The maritime unit of Customs and Excise in Waterford is equipped with a sea-going boat to combat smuggling and particularly the importation of drugs, which is the cause of considerable problems in the city and surrounding areas. Unfortunately, because of a disagreement among staff the boat has lain idle since August 1994. In the wake of the Maastricht Treaty the duties of Customs and Excise officers have changed in many cases but there has been a reluctance to accept change by some staff.
In this instance a dispute has arisen as to who will operate the Customs and Excise boat. Pre-Maastricht it would have been the duty of the outside staff but post-Maastricht the duties may be shared between indoor and outdoor staff. I think we are all aware that as a result of the passage of the Maastricht Treaty Customs and Excise staff were reassigned to various duties; in particular they were removed from the Border and assigned to other duties.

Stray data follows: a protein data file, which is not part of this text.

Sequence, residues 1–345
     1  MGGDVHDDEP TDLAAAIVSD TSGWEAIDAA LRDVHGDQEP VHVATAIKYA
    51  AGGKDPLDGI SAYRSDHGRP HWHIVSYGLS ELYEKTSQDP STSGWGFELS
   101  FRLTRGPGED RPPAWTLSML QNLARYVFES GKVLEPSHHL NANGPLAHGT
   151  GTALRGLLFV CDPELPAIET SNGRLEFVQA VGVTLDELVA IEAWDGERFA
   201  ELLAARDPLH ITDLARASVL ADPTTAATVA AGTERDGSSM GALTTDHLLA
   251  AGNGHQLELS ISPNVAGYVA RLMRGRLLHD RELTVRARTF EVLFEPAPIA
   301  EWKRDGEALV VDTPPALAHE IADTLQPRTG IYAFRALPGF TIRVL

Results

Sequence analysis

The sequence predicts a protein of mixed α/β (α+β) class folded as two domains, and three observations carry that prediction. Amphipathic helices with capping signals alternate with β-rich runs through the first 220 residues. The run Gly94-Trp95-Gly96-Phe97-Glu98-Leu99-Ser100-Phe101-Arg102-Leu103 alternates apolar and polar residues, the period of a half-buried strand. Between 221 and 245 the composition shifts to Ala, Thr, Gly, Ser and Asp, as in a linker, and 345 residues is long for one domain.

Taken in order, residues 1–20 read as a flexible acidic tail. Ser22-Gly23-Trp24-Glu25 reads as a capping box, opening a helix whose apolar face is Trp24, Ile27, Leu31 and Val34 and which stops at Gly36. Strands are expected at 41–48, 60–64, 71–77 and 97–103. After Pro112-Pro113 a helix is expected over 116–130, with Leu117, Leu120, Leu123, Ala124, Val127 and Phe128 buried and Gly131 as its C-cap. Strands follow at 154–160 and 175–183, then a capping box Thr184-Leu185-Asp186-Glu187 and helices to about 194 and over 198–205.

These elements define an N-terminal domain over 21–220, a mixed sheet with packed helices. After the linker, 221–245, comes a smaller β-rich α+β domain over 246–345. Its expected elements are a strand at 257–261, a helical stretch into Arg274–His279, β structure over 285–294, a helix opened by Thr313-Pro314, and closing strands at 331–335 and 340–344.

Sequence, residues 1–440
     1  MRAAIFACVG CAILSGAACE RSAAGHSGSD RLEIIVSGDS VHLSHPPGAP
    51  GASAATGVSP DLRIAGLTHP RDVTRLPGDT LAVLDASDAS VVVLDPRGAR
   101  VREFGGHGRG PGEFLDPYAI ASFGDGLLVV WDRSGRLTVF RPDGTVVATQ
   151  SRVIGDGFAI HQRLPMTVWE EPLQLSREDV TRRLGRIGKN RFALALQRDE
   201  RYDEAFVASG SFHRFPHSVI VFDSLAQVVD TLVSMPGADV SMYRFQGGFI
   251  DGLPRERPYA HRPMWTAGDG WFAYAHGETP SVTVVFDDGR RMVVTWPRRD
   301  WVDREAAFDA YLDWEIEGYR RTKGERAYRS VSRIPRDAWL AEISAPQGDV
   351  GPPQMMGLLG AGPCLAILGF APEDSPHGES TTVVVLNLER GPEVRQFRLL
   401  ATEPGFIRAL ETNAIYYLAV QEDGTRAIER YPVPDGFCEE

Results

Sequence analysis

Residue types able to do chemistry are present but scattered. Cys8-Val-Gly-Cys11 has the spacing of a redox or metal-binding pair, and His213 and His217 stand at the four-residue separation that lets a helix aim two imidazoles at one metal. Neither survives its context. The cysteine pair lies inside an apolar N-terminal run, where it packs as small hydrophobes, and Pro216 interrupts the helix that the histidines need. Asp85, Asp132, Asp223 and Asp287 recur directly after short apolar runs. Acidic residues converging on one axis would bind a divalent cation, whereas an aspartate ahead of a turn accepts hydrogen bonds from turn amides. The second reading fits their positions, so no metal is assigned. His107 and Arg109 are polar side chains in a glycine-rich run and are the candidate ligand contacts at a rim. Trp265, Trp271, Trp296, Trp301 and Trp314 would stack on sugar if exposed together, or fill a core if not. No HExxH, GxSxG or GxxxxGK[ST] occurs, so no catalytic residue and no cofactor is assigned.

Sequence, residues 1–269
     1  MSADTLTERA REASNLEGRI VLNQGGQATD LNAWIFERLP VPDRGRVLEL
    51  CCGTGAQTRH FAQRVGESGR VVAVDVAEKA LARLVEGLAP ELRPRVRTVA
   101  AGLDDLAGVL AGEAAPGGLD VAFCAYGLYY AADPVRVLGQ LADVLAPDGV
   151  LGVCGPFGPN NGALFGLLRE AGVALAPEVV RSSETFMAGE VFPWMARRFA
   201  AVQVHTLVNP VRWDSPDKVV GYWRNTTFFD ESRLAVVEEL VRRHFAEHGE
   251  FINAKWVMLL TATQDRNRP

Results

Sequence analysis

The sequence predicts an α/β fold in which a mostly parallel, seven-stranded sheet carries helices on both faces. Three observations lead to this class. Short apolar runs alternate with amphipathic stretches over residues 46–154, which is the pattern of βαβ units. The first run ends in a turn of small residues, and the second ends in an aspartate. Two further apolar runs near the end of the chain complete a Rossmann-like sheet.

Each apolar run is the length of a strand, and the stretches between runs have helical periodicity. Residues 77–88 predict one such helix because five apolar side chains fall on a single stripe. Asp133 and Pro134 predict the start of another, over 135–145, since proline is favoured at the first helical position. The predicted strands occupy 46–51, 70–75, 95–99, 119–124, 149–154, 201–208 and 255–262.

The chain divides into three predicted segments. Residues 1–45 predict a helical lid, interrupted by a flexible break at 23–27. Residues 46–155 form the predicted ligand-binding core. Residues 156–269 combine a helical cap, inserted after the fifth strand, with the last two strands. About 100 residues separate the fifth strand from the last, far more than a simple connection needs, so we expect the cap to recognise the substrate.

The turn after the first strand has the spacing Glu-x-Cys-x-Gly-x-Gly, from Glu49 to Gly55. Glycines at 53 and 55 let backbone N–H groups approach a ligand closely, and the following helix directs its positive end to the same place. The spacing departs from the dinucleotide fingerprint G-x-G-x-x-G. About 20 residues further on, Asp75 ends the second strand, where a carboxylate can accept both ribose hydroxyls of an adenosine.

In Waterford the outdoor staff want to retain their duties and do not want the staff who previously worked indoor to share in the performance of those duties. As a consequence the boat and gear which cost approximately £60,000 have not been used for the past ten months. In addition, a jeep for hauling the boat, which cost approximately £25,000, is also lying idle. The cost of storing the equipment in question is in the region of £8,000 to £10,000 per annum. There are two major scandals involved here: first, a waste of public money and, second, a reduction in the capacity of Customs and Excise to prevent the smuggling of drugs. As I understand it, no blame attaches to senior management in Waterford who have done everything in their power to resolve the problem. I ask the Minister to intercede immediately to ensure this scandalous position is rectified without delay.